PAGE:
To make it easier to plan your growing season, we have separated the grains according to the temperatures they need for best growth, and their place in the garden calendar.
Many familiar cereal grains do most of their growth in cool weather. They mature their crops as the days get hot. These are grouped together as “Spring and Fall Grains.” Wheat, Rye, and Barley are typical of this type. Some grains and grain-like crops are planted around the last frost date in spring and grow during the summer, then are harvested in the fall. Corn would be a familiar example. These are grouped together as “Summer Grains”.
Preparing the soil to grow grains is just the same as for other garden crops. Just make sure the seed is well-covered and the soil has no big clods. Most grains do not want vast amounts of fertility, because the plants would get too tall and leafy. That can cause the plants to lodge which means to fall over, ruining the grain.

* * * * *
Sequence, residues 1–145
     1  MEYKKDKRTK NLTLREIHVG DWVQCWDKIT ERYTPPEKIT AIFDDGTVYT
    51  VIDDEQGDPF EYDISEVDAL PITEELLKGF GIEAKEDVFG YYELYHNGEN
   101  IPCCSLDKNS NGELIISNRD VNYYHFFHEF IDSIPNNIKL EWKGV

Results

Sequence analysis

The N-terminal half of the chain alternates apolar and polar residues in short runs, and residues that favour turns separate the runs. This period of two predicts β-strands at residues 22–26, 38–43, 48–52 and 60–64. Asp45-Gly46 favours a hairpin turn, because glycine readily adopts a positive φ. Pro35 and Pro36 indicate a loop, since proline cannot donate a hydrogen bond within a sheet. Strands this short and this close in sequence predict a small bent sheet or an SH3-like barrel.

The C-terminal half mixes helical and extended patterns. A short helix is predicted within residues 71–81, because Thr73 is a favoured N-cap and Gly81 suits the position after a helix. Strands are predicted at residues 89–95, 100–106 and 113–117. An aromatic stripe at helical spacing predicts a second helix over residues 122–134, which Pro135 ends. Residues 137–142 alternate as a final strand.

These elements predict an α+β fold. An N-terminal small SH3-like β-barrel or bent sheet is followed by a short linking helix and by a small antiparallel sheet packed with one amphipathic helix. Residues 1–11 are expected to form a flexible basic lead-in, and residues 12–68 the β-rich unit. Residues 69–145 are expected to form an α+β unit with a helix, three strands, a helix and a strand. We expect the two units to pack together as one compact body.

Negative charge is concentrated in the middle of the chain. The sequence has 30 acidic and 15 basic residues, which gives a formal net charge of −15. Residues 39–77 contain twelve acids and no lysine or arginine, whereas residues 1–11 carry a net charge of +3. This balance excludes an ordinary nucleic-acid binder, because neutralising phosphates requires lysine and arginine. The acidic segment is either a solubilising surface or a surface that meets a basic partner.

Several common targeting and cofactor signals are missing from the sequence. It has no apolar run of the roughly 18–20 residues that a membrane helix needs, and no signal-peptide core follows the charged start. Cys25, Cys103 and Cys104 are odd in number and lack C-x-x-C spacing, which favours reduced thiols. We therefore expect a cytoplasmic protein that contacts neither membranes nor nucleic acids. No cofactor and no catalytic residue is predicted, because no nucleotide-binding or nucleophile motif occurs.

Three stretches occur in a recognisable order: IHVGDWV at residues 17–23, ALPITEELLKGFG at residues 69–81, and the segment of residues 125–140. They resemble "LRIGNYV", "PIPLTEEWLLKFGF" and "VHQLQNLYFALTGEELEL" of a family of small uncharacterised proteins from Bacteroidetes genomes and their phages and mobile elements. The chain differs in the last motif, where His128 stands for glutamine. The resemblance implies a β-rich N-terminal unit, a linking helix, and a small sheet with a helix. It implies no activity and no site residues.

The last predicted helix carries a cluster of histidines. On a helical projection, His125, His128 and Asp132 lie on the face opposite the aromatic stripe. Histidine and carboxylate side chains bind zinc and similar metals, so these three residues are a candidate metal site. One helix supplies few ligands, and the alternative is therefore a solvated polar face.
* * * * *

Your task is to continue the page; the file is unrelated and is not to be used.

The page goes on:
Farmers often use winter wheat, rye, or triticale to “mop up” the nitrogen that is still in the soil at the end of the growing season, so that it isn’t lost to winter rains. The nutrients that would otherwise run off are safe in the leaves of the plants, to be released in the compost pile after the grain is cut and threshed.
For spring and summer-planted grains, growing a legume cover crop over the winter (vetch, say) should get the soil ready. Extra-tall or leafy crops are the exception? Corn, amaranth, and quinoa will want more nutrients, like a nice topdressing of compost, before planting.